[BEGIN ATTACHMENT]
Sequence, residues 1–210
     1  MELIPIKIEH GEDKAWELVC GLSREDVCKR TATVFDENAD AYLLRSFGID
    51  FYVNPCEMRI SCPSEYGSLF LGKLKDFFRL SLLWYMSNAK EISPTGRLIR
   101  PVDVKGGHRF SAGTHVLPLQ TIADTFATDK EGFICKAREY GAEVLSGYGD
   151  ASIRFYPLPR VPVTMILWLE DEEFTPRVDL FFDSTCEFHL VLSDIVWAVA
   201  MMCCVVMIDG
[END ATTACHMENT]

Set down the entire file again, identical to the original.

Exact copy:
Sequence, residues 1–210
     1  MELIPIKIEH GEDKAWELVC GLSREDVCKR TATVFDENAD AYLLRSFGID
    51  FYVNPCEMRI SCPSEYGSLF LGKLKDFFRL SLLWYMSNAK EISPTGRLIR
   101  PVDVKGGHRF SAGTHVLPLQ TIADTFATDK EGFICKAREY GAEVLSGYGD
   151  ASIRFYPLPR VPVTMILWLE DEEFTPRVDL FFDSTCEFHL VLSDIVWAVA
   201  MMCCVVMIDG